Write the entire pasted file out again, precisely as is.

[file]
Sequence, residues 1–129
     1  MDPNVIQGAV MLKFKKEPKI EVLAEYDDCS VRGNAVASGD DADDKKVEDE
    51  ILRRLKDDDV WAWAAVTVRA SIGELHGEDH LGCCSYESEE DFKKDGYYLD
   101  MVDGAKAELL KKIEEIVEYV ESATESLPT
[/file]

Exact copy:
Sequence, residues 1–129
     1  MDPNVIQGAV MLKFKKEPKI EVLAEYDDCS VRGNAVASGD DADDKKVEDE
    51  ILRRLKDDDV WAWAAVTVRA SIGELHGEDH LGCCSYESEE DFKKDGYYLD
   101  MVDGAKAELL KKIEEIVEYV ESATESLPT